• Hebrew lûlē’ is the word at the root of verse 13’s ambiguity. The word usually introduces a counterfactual conditional clause. If I said, for example, “If I didn’t have my glasses, I couldn’t read that sign,” the first clause is counterfactual because I do have my glasses and I can read the sign. Thus, the NRSV is probably right to assume that the word is beginning a positive statement. But the statement is never completed so the NJPS translation is right to question the strength of the affirmation. The dilemma is further complicated by the six dots that surround the word in the Hebrew text. According to one Jewish tradition, these dots highlight the doubt expressed in the verse and may explain the ellipsis in the NJPS translation. Alternatively, it’s possible that an ancient scribe added the dots to mark the word for erasure. Of course, if we erase the word, the NRSV and NAB translations look much more attractive.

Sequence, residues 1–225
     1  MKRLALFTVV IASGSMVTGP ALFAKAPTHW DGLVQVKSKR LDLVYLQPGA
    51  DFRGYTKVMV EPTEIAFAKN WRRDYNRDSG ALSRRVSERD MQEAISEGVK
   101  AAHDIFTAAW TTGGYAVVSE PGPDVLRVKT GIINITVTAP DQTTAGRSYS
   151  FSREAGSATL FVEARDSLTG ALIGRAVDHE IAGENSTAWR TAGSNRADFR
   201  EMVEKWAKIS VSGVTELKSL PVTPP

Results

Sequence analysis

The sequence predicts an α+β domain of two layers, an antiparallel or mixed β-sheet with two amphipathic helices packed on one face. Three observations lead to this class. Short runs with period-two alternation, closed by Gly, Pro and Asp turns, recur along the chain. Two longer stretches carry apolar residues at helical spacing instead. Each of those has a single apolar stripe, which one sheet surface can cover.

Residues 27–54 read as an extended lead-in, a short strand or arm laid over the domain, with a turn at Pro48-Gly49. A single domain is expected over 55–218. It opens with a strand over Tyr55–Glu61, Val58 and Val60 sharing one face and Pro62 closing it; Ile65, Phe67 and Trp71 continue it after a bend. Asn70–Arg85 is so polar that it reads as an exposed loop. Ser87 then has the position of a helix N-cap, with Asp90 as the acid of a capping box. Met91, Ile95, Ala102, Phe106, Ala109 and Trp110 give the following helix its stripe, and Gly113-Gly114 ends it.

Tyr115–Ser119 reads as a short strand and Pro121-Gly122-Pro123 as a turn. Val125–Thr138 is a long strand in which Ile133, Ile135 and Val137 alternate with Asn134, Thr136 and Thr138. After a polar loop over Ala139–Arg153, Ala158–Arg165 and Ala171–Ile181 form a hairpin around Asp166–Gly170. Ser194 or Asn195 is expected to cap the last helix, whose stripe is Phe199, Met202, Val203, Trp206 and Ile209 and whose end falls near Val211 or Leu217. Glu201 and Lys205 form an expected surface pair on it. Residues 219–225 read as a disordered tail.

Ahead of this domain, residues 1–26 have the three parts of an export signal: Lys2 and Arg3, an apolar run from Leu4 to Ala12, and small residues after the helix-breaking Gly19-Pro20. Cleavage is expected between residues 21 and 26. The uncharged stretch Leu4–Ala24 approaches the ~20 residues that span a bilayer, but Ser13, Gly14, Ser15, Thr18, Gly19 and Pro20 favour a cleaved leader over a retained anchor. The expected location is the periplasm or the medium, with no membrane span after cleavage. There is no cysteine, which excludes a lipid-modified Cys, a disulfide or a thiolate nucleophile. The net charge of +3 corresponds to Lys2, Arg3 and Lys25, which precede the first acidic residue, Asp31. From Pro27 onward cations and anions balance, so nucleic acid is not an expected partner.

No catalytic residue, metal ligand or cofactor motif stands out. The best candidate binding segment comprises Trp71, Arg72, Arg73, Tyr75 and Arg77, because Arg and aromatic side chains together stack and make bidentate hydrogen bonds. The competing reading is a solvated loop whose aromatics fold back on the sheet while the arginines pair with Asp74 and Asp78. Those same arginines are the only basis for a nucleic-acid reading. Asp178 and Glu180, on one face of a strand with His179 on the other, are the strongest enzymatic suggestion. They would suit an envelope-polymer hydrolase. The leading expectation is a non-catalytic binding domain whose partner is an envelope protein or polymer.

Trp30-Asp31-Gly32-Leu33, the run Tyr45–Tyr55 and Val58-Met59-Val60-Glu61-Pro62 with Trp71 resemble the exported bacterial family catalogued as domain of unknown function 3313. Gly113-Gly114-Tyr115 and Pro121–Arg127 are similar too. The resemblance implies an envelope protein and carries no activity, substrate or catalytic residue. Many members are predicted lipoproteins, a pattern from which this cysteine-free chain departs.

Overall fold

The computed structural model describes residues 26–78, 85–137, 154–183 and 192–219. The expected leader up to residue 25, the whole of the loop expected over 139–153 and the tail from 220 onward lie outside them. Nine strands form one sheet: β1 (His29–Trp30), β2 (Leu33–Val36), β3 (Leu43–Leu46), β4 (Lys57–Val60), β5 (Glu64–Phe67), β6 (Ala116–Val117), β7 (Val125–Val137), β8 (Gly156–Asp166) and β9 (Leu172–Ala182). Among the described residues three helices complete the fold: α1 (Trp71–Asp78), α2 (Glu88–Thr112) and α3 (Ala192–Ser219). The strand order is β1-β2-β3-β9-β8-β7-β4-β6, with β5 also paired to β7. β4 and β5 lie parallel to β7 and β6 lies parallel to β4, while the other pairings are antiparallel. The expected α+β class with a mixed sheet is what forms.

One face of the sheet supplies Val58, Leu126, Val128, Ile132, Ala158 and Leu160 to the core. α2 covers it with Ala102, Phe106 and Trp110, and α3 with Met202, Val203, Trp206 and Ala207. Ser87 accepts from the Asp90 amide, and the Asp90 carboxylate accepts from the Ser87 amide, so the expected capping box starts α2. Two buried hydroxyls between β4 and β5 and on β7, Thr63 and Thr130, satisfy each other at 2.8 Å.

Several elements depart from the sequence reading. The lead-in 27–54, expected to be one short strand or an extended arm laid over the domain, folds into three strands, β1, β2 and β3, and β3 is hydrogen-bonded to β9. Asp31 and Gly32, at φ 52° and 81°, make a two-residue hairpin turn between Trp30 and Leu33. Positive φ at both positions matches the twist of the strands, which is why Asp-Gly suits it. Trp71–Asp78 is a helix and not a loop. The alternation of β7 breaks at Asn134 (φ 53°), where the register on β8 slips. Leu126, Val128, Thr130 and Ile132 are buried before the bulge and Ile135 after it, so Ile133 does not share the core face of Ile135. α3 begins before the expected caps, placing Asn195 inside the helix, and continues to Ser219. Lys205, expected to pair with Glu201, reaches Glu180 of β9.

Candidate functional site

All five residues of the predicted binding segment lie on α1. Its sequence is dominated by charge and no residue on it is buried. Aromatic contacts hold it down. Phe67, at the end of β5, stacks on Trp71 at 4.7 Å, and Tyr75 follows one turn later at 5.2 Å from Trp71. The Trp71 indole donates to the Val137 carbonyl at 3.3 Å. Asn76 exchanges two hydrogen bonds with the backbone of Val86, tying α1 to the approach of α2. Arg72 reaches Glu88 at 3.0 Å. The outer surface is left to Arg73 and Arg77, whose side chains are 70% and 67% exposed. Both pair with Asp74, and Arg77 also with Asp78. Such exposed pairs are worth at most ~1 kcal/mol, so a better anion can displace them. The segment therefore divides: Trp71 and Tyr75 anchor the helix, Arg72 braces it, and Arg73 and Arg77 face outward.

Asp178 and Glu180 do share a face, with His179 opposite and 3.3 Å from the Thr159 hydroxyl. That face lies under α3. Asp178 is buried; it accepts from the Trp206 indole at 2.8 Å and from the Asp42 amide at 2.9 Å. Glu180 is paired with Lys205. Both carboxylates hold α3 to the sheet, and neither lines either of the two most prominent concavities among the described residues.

Questions for Reflection:

  • Is this psalm familiar to you?  In what setting(s) have you previously encountered it?
  • Which words or images in Psalm 27 are most striking to you?
  • What does the “House of the Lord” mean to you as a contemporary seeker?
  • How does the psalm’s tension between trust and lament resonate with you now?

 

Texts and Translations Psalm 27

 

׃

בִּקְרֹ֤ב עָלַ֨י ׀ מְרֵעִים֮ לֶאֱכֹ֪ל אֶת־בְּשָׂ֫רִ֥י צָרַ֣י וְאֹיְבַ֣י לִ֑י הֵ֖מָּה כָשְׁל֣וּ וְנָפָֽלוּ׃

אִם־תַּחֲנֶ֬ה עָלַ֨י ׀ מַחֲנֶה֮ לֹֽא־יִירָ֪א לִ֫בִּ֥י אִם־תָּק֣וּם עָ֭לַי מִלְחָמָ֑ה בְּ֝זֹ֗את אֲנִ֣י בוֹטֵֽחַ׃